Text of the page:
For your eyes only

surma kajal








Who can forget the iconic smoky-eyed look of Jack Sparrow, Captain of the Black Pearl, in the ‘Pirates of the Caribbean’? Or Sarah Jessica Parker as Carrie Bradshaw getting ready to meet her ex-boyfriend Aidan in Abu Dhabi in ‘Sex and the City 2’?
While pop culture occasionally puts the spotlight on kohl, the application of this eye cosmetic is no novelty. Since time immemorial, kohl has had a reputation of making eyes look healthier, more beautiful, and even helping ward-off ‘evil eye’.
Out of the various types of kohl, surma, derived from the Persian word for kohl, sorme, gives the eyes a smudged look. Besides making them look mystically smoky, the cosmetic is also considered to have a cleansing and soothing effect on the eyes.
Surma is usually available in powdered form, processed from the surma stone, and is preserved in tiny glass or metal vials. Muslims usually apply surma (using a glass probe) ahead of namaz and/or before going to bed.
Legend has it that while in the desert of Sinai, Prophet Musa left his followers under the guidance of Harun to go to Koh-e-Tur mountain, the biblical mount Sinai, to pray to Allah for guidance to find water.
Allah then bestowed upon Musa commandments for his people to follow. Musa begged Allah to reveal Himself to him, and Allah agreed to shed an ounce of His divinity upon him. Musa then saw a blazing light; this light, which appeared to be like fire, was actually the reflection of Allah. The spark left the mountain charred, and it is this charred stone which is ground and used as Surma.
“The values that were passed down to Muslims millennia ago are still practiced by many,” says Zuber Jamadar, whose family has been selling surma in Belagavi for the past 20 years. “We have products ranging from Rs 10 to Rs 75, depending on quantity and brand. We order 50 dozen bottles of surma, all of which are sold within three months’ time.”
Businessman Shakeel Talikoti from where in Belgaum, sells about 25 varieties of surma and says that though each variation is unlike the other, its motto is the same; giving relief to the eyes and enhancing the look.”These variants are different from each other due to ingredients added to the surma stone,” he says. “Only after each ingredient is carefully diagnosed and its portions varied is the final product made.”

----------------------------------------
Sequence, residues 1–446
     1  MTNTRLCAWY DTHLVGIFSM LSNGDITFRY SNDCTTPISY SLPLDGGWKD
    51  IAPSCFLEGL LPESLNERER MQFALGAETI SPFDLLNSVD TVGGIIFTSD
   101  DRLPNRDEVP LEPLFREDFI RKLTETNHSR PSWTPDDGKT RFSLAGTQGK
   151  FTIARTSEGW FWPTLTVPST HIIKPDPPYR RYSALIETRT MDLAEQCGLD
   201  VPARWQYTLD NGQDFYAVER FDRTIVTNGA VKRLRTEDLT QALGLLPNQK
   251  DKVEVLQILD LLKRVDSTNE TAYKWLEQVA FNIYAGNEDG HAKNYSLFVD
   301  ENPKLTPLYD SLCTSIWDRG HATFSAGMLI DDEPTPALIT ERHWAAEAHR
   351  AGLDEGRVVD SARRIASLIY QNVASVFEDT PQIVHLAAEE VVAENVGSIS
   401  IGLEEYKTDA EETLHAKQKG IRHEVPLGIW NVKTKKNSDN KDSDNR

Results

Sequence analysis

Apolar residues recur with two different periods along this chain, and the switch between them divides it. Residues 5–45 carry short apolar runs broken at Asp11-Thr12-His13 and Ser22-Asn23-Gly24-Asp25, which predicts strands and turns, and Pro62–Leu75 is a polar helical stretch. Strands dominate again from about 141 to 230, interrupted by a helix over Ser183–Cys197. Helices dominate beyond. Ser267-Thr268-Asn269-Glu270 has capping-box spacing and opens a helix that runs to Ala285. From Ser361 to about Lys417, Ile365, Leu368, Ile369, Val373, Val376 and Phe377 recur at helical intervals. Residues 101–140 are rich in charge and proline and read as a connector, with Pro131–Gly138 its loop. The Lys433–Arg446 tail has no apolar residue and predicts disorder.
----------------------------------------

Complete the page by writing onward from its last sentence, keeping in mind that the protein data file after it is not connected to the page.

He further added that in times gone by, surma used to be imported from Arab countries, but over the decades, this kohl is being indigenously manufactured. “My customers mostly prefer India’s Khojati surma and the Pakistan-made Hashmi surma.”
The Mumbai-based Khojati group of companies is perhaps the big boss of surma in the country, with a legacy going back over 160 years.
“We push our products through ittar (organic perfumes) shops all over the country. These retailers have been buying from us for decades,” says Shakir Banatwala, a spokesperson for the Khojati group of companies.
But surma is not without its critics. Some argue that it contains high lead content, which could have damaging effects on the eyes in the long run.

Banatwala disagrees. “Surma is 100% natural, devoid of any chemicals,” he says. “Most companies only crush the surma stone and sell its powders. We treat the surma with rose water and a few more herbs and purify it of toxins before we package it,” he added, referring to variants of the surma that contain mamira herb, ground pearls from Iraq, almond oil, and the like.
“Also, surma is put on the periphery of the body in the eyes; it’s not directly absorbed in the body. Khojati surma does not have high lead content and adheres to FDA norms. If I didn’t believe in using organic surma, I wouldn’t have sold it.”
(Nida Sayed | May 17, 2015, 01.21 AM IST, A Times of India article)

Short URL: